Monsoon School/Summer School 2022 “Generating impact in complex natural resource contexts: co-design and development of transdisciplinary research projects projects in a Global North/South perspective

24 October – 1 November 2022, online

This training course (a “Monsoon School”) was organized by the Leibniz Centre for Tropical Marine Research (ZMT) in collaboration with the Leibniz Research Network “Science for Sustainable Development” and the project LeNa Shape (Research in social responsibility - design, impact analysis, quality assurance). It was carried out from 24. October to 1. November and was further supported by the Western Indian Ocean Marine Science Association (WIOMSA), International Ocean Institute Deutschland (IOI), Future Earth Coasts (FEC).

The course addressed the development of a transdisciplinary research project plan with a particular emphasis on societal impact, and combined theoretical lectures with practical examples and group exercises for a total of 30h of course work.

"During the Monsoon School, we also came into contact with diverse tools and approaches that allowed me to see a sequence of steps and crucial elements that need to be considered throughout the planning and development process of a transdisciplinary project." (X. Ilosvay)

It involved international experts from academia and practice as lecturers, and allowed participants to develop a thorough understanding of theoretical concepts, methods, and practical application, while directly applying the material in case studies of their own choice. Topics covered include transdisciplinarity and transdisciplinary approaches, positionality and differences in perspectives, stakeholder mapping and engagement of diverse actors, equitable research collaborations and participation, effective science communication, and evaluation of transdisciplinary projects. The participants engaged with the lecturers in interactive sessions and applied the topics learned to real-world case studies in daily group work accompanying the lectures.

The course brought together an assembly of experienced experts. The introduction and overview of the course were given by Prof. Dr. Achim Schlüter and Dr. Sebastian Ferse (ZMT Bremen). On the second day, Dr. Josefa Kny (ZTG/tdAcademy) and Dr. Franziska Ehnert (IÖR) spoke about transdisciplinarity, concepts and methods. Day three addressed challenges in participatory work and dealing with different goals, views and positionalities, and featured contributions by Dr. Dr. Guido Caniglia (KLI) and Jean-Emmanuel Rougier (LISODE). Research impact, theory of change and stakeholder engagement were the topics of the fourth day, with Prof. Dr. Mark Reed (Fast Track Impact) and Dr. Boru Douthwaite (Selkie Consulting) as lecturers.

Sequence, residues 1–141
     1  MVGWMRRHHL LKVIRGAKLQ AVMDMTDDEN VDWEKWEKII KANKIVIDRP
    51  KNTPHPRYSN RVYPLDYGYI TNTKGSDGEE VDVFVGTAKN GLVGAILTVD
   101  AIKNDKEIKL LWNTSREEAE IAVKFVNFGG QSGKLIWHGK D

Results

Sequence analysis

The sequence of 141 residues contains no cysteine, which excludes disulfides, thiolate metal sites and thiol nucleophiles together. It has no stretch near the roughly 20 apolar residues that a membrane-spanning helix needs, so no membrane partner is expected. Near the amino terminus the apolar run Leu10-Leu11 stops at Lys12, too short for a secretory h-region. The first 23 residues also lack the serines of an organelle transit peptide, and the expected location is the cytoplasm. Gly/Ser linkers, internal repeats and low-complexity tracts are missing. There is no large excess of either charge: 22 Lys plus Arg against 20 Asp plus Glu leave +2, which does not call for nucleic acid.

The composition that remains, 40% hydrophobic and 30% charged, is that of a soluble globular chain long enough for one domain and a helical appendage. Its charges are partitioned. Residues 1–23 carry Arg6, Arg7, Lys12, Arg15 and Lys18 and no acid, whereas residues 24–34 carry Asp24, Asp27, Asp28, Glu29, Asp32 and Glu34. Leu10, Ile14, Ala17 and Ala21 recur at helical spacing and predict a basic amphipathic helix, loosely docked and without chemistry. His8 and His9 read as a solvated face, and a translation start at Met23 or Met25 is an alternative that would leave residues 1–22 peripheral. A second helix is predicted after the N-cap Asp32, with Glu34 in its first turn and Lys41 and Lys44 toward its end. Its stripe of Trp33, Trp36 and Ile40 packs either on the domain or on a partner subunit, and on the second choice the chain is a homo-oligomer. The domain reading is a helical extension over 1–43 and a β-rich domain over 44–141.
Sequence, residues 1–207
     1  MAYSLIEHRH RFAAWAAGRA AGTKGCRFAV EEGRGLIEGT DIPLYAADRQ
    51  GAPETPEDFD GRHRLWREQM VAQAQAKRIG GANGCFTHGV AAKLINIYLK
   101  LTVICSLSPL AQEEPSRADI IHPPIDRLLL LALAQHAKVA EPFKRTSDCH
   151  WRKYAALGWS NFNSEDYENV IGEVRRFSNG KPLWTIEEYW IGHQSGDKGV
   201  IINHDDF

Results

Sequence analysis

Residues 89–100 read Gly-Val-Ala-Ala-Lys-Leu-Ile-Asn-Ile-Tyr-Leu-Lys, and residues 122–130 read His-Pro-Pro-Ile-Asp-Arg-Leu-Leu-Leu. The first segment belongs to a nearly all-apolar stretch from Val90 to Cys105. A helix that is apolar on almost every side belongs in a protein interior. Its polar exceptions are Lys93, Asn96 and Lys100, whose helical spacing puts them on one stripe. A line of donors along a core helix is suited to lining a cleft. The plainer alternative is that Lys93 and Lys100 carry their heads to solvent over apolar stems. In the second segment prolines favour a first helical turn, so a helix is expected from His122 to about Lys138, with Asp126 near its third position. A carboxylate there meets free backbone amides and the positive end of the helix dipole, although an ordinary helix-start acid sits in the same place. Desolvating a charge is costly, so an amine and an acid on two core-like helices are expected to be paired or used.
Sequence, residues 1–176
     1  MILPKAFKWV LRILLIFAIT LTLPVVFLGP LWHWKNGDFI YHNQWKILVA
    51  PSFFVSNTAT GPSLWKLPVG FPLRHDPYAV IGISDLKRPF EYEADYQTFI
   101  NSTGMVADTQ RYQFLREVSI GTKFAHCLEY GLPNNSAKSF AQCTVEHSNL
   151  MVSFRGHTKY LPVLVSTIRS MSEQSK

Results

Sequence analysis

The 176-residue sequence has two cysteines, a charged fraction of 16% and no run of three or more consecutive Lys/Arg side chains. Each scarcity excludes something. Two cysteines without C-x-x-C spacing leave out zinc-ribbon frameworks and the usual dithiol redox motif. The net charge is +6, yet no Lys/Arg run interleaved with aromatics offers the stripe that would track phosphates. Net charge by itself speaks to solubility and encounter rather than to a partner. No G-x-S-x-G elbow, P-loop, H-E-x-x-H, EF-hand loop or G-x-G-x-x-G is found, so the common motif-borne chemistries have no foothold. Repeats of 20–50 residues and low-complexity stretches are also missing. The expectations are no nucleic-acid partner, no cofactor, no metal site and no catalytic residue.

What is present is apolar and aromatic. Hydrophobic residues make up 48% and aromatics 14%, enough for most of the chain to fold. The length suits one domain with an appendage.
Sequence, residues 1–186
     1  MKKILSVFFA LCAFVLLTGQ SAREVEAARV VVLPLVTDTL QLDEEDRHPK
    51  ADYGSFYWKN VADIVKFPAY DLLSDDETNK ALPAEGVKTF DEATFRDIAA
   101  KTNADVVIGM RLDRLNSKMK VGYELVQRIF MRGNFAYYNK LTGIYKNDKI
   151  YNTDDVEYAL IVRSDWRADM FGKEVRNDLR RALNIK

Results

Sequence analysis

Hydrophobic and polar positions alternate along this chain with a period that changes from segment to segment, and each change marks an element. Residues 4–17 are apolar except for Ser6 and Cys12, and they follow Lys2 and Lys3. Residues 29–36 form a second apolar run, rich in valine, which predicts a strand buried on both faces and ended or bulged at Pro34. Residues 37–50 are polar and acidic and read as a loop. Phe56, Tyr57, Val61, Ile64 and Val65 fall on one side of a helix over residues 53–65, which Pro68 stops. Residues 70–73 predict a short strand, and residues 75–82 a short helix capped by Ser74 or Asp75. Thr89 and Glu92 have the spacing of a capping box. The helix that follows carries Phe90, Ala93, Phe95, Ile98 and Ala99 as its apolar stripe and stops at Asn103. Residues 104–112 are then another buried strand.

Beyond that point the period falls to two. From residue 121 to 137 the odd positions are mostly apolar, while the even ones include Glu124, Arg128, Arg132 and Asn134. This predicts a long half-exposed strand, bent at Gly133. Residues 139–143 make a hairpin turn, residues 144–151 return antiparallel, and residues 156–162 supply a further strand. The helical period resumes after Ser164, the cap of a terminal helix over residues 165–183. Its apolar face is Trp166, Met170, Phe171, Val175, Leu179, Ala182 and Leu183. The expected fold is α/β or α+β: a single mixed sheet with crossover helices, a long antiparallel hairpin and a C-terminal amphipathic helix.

"One of the practical benefits that I gained from the school was the ability to integrate interdisciplinary research and methods into local scenarios; especially those facing environmental shocks such as climate change." (B. Matovu)

The first week ended with lecturers by Dr. Fabian Käser (KFPE) and Prof. Dr. Samiya Selim (CSD-ULAB) on equitable research collaboration and navigation of inequalities. On day six, training in effective science/policy communication and ways to gauge the success of transdisciplinary research projects was provided by Ann Foo, Joseph Edgerton and Dr. Heath Kelsey (IAN-UMCES).

Announcements for the course were distributed through a variety of channels (e.g., ZMT social media and website, LfN Sustain website, Future Earth community forum, Future Earth Coasts social media, WIOMSA website). The course generated interest from around the world, and over 50 people applied. From these, 38 were selected based on their submitted documents and criteria such as topical match, quality of the application or diversity of participants. A number of the selected candidates were not able to participate in the end, resulting in a core group of around 25 participants.

"The summer school helped me network and learn about stakeholders' perspectives on marine spaces and their coast-to-coast management concepts." (S. Sebulbia)

Among several dozen ideas for case studies submitted by the applicants beforehand, six were selected based on applicants’ ranking ahead of the course, of which four were worked on by the participants in fixed individual groups throughout the course. Group work followed the central lectures given each day, with final presentation of the case studies on the last day of the course.

Find the full agenda here.

The feedback from participants and lecturers was extremely positive, with several participants mentioning that the course offered new perspectives and skills to them, as well as providing concrete input to projects they were currently working on. A number of the participants formed groups on social media to stay in touch following the completion of the course.

Find the Testimonials here.



Leibniz Centre for Tropical Marine Research

Rebecca Lahl (
Dr. Sebastian Ferse (

Participants of the Summer School 2022